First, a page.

A 2015 study conducted by the Pew Research Center stated that those who consider themselves Black are generally more likely to find positive attributes in video games and are less likely to believe that they are a waste of time.
A 2014 study conducted by the research organization LifeCourse Associates, titled “The New Face of Gamers,” collected several surveys to analyze a few characteristics of a gamer. One of the results that has come up is that not only are gamers generally not lazy, they are actually more conventionally successful and are more likely to be full-time employees than non-gamers (42 percent vs 39 percent). The study stated that gamers are also more likely to say that they are working in the career they want to be in (45 percent vs. 37 percent).
Stereotype #4: Gamers only like one type of game
Fact: Especially recently, gamers tend to not limit themselves to one genre or series of game. Many gamers play across various platforms.
The early days of gaming encouraged brand loyalty and console exclusivity through commercials. This behavior began very early on with Atari, Sega and Nintendo leading the way, and later included Microsoft’s Xbox and Sony’s PlayStation. These days, however, many gamers own or have played on multiple devices which gives them access to a variety of games across genres.
Charles Pratt, an assistant professor at the NYU Tisch School of the Arts, teaches a number of the game design classes offered for undergraduate and graduate students and has played a role in designing a few games. From his research, he believes that the community will become more intertwined from here.
“I don’t really know people who only play one kind of game at this point,” Pratt said. “At this point, people play all kinds of games. In some ways, the old divisions for players, those have started to fall away. It’s given me insights on how a community revolves around games. Seeing that first-hand is really interesting. We’re a community of people who take games seriously.”
Stereotype #5: Gamers are loners or socially inept
Fact: Gamers sometimes choose not to express their interest, in fear of shaming, so some may decide to move the social aspect to the online space. Others find camaraderie with other gamers.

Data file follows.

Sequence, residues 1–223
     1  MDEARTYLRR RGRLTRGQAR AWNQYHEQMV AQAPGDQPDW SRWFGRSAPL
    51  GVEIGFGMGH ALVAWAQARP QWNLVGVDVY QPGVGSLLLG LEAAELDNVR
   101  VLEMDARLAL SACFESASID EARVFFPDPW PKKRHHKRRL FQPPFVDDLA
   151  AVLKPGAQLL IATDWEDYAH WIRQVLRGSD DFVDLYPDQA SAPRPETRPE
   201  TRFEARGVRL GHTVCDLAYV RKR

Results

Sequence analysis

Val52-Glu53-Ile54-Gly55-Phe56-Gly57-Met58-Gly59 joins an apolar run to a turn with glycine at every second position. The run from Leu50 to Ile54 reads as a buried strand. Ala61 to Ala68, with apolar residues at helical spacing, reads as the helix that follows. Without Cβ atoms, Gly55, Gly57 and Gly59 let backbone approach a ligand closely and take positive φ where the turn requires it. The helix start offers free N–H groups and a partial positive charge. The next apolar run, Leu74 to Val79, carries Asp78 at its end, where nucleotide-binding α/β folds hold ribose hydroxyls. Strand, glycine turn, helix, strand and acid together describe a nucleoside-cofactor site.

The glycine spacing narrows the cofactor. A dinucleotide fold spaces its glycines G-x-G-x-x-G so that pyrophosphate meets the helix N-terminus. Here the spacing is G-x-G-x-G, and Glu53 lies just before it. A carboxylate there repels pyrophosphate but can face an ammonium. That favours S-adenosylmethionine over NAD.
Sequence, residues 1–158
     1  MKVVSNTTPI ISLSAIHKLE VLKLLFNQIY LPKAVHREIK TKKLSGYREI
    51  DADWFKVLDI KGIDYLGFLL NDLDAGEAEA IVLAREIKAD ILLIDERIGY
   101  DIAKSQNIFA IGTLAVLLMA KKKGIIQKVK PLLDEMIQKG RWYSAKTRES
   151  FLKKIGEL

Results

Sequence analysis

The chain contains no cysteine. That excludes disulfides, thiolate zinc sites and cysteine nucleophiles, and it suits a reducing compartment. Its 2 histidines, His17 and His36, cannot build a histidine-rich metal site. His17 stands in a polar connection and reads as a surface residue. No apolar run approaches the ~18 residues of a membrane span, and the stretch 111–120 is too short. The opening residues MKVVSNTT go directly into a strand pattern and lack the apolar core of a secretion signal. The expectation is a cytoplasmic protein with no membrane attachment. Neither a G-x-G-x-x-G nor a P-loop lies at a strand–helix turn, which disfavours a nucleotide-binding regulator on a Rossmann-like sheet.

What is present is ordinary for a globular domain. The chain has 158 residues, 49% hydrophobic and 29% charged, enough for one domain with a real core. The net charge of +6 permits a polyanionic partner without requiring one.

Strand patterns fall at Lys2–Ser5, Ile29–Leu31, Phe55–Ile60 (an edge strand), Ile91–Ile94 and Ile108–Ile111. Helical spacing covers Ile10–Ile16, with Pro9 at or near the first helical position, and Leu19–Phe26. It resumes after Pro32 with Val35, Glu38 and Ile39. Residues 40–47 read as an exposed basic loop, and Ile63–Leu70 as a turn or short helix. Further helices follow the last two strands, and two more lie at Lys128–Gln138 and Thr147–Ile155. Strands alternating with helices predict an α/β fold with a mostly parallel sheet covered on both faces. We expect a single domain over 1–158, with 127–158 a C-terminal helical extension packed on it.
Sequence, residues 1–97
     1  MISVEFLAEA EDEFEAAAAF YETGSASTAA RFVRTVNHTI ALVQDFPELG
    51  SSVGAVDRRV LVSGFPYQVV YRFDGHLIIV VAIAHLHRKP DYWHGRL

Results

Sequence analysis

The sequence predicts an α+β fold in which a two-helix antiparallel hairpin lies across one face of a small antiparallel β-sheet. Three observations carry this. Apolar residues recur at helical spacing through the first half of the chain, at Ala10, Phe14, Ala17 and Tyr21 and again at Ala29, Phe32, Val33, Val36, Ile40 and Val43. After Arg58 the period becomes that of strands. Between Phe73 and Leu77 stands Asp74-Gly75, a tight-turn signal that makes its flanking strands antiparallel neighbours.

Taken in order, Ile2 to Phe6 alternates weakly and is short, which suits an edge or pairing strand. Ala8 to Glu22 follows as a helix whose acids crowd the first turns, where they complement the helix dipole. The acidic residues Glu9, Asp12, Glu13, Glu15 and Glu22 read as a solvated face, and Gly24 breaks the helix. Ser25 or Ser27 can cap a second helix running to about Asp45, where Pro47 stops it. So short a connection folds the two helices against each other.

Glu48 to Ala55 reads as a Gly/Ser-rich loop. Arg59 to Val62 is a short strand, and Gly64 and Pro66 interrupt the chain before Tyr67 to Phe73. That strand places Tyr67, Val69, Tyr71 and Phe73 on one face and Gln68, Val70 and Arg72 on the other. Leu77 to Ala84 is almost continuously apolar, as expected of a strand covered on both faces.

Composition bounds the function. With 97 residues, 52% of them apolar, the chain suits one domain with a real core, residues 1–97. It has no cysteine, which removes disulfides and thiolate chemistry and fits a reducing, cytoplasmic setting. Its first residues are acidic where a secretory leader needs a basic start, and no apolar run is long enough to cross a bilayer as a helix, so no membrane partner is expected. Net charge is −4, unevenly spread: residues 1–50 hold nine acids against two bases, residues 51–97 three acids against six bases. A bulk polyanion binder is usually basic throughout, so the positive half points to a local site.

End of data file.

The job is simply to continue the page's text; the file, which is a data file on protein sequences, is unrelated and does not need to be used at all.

Missy Sentieno, a second-year graduate student at NYU studying game design, enjoys being part of the active gaming community at NYU after being rejected by others offline for her gaming hobby in her childhood.
“I’ve been shamed by non-gamers and I felt that I had to hide that part of me,” Sentieno said.“I’ve never felt in my immediate community that I’ve been bombarded. I’ve felt most alienated by characters. Tony Hawk was the first game that I could play as a female or black character. But I was disappointed that there wasn’t a female black character.”
The LifeCourse Associates study found that gamers lead more social lives than non-gamers and are more likely to be living with other people (this included family, friends, roommates or significant others). Approximately 72 percent of gamers stated that they game with their friends. As for other forms of social interaction, only 23 percent of gamers claim that they watch television alone, as opposed to 40 percent of non-gamers, while 42 percent will watch videos on the computer, phone or television with friends while visiting.
The Nerd Castle is an ongoing master’s capstone project with the CUNY Graduate School of Journalism that will be used to explore, showcase and expose diversity and the issues surrounding it within the gaming community.
Anna-Michelle can be found on Twitter @amlavandier. The Nerd Castle can also be found on Facebook and Instagram.